IFReviewed by Emily Short on 2006-08-01 04:56
Last year we had "Queen of Swords" by Jess Knoch, a piece about electronic
fencing equipment with a lot of wires and things to plug in. This year, we have
"Flametop", a still life about an amp and an electric guitar, and I was
initially worried that it was going to require a similar amount of setup.
Fortunately, that turned out not to be the case: this piece lets you get started
playing the guitar almost immediately.
In some other respects "Flametop" reminded me quite a bit of "Queen of Swords":
the player is presented with some specialized equipment he may not be familiar
with and invited to play with it until he figures out what to do. Like "Queen of
Swords", "Flametop" felt educational, not in a preachy or annoying way, but
because it presented me with a complicated real-world system I could play with
until I understood its workings.
The other obvious piece to compare is "Guitar of the Immortal Bard" (Jason
Burns, 2000), another IF Art Show entry about a guitar. The feel and experience
of the two are quite different, though: "Guitar of the Immortal Bard" had a
fantasy setting and a completely different mode of interaction, where you chose
to play specific musical styles. "Flametop" feels more grounded in the real
world, but also more interactive. When I ran out of ideas in "Immortal Bard" I
had to read the help text to get around the guess-the-noun problems, whereas
here I can just keep fiddling with knobs.
If there's a negative aspect to this comparison, it's in the descriptions that
actually come out when I do succeed in playing something. "Immortal Bard"'s
music descriptions were fairly accessible. The PC of "Flametop", on the other
hand, is vastly more knowledgeable about this kind of music than I am, and that
creates a bit of confusion and distance. This is a subjective call. If I *were*
more musically literate I would probably enjoy the specificity of being told I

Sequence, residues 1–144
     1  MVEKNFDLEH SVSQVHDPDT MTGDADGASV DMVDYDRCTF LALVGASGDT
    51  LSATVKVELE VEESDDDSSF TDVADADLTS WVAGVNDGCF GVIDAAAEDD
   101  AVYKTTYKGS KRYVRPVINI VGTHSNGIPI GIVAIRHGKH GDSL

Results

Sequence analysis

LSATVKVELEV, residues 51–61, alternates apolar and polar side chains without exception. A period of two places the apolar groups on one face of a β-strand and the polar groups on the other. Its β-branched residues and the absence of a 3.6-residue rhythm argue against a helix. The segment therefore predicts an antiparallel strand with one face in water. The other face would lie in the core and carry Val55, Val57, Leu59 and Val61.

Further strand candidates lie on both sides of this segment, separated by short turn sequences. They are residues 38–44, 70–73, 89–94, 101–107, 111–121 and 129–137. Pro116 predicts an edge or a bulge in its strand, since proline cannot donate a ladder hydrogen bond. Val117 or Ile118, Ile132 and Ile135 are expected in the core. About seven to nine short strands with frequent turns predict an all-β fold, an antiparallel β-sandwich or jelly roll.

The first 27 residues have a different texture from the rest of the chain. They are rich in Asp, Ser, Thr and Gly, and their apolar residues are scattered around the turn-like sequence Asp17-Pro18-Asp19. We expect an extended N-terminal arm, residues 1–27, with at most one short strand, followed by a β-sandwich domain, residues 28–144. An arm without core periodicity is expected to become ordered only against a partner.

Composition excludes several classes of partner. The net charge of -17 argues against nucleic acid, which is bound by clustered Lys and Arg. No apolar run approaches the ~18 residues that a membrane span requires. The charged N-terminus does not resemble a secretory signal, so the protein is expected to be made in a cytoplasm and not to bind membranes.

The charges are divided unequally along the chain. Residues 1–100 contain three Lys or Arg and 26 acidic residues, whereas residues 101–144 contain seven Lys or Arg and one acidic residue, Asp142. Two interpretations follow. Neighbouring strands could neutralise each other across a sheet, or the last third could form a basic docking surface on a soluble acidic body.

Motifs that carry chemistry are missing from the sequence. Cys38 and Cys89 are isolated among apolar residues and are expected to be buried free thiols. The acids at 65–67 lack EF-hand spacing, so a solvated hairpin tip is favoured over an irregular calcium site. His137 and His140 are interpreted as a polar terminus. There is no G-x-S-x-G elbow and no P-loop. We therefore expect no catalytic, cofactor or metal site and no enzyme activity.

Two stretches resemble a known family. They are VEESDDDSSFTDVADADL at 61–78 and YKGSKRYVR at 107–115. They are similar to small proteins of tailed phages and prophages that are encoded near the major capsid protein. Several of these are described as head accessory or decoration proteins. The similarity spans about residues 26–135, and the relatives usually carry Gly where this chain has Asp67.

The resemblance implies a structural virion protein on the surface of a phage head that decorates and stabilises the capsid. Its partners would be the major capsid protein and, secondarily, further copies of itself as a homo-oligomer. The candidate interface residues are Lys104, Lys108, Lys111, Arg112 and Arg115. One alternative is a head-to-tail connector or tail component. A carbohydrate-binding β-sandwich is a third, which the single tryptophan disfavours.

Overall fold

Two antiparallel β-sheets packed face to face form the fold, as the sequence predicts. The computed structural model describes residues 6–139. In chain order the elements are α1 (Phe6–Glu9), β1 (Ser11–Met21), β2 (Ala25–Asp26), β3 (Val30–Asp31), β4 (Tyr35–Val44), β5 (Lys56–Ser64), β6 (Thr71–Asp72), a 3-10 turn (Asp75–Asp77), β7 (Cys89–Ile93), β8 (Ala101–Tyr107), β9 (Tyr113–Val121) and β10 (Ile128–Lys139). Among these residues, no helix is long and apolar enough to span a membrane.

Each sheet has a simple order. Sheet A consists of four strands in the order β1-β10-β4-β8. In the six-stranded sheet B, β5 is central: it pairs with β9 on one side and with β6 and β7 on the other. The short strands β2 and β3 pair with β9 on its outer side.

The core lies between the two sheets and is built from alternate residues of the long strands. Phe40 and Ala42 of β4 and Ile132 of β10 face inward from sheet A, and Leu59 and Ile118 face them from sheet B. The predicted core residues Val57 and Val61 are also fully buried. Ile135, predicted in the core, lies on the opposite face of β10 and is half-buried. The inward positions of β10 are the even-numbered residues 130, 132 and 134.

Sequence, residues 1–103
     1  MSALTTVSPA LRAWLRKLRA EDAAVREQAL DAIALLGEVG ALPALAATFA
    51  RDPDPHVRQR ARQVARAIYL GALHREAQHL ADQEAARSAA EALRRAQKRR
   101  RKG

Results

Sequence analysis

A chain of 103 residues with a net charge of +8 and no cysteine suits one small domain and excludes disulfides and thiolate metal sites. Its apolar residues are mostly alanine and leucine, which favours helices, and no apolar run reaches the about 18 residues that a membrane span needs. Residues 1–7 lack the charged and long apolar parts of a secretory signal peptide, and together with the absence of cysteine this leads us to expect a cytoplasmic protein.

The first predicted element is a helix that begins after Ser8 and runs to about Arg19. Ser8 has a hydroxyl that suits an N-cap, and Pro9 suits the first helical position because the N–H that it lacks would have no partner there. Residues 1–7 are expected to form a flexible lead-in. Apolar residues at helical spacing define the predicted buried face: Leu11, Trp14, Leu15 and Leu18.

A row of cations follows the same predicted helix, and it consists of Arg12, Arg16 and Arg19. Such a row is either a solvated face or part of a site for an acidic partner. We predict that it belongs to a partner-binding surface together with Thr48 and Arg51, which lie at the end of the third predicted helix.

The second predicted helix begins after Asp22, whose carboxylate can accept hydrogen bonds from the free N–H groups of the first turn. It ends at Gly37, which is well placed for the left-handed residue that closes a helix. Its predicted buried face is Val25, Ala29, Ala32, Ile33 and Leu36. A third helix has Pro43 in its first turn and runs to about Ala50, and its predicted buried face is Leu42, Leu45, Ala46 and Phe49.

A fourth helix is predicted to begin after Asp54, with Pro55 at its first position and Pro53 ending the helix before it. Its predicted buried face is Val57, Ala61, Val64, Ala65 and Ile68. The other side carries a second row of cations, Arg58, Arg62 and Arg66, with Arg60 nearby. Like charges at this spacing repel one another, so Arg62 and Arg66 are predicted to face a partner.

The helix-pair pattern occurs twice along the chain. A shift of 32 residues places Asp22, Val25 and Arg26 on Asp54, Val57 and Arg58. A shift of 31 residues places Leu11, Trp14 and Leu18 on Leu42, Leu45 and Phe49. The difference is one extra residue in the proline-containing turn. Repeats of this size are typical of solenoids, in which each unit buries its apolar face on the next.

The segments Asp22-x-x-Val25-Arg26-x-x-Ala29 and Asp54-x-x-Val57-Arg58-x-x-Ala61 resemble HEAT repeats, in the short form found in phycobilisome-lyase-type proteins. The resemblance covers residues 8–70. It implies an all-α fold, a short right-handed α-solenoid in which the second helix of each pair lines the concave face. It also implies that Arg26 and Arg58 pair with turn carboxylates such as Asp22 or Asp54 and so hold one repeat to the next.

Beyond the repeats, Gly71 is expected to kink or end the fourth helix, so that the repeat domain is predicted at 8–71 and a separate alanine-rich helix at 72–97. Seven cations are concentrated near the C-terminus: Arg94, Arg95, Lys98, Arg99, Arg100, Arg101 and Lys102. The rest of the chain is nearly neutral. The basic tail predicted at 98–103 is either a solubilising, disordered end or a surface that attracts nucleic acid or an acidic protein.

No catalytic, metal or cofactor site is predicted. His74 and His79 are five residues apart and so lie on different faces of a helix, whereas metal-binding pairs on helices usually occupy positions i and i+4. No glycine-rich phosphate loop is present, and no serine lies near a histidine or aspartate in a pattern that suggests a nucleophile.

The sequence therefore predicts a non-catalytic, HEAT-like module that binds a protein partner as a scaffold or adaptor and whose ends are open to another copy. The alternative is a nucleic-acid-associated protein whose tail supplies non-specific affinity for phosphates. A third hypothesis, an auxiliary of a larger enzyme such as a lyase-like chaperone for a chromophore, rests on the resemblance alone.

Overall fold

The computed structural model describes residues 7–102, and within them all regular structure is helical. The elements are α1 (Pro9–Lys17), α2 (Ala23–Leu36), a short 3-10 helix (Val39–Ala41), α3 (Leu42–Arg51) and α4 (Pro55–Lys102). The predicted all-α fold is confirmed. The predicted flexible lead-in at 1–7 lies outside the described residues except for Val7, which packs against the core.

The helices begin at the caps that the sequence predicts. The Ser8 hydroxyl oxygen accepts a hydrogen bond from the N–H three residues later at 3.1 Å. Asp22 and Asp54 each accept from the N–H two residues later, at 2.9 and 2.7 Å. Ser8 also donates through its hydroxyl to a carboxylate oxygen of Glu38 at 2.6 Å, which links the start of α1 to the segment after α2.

am playing like Robbie Krieger. As it is, I don't know who Robbie Krieger is,
and the point is a little lost on me. (A minute with Google shows that he played
with the Doors, of whom, yes, I *have* heard. Another minute with a website with
background music gave me a rough idea of what was being described. But I had to
go outside the piece to get that.)
The guitar and its accessories are all described with great love and care. My
knowledge of guitars is near zero, but I would not be surprised if this
equipment represents some kind of ideal fantasy setup on the author's part. In
particular, the description of the finish on the body of the guitar made me wish
there were some custom answers for TOUCH -- the description seems to invite it.
Even without that, though, writing was quite strong and left me with a clear
impression of pieces of equipment that I've never seen before.
I had one UI gripe. Since the state of the various knobs on the guitar and
amplifier are so critical to what's going on -- and since it's hard to hold them
all in your head at once -- I would have appreciated something in the status bar
displaying the current settings. (I was going to complain about this more
strenuously until I found the SETTINGS command. After that, I just typed
SETTINGS over and over. Statusline would've been better.)
In general, though, it's clear that a great deal of care went into this, and
it's fun to play with. There's a wide assortment of different songs and
song-styles to find, and I'm sure I didn't get all of them. And the amp doesn't
go to 11, but "Flametop" is charming about that, too...
Best of Still Life on the 2004 IF Art Show.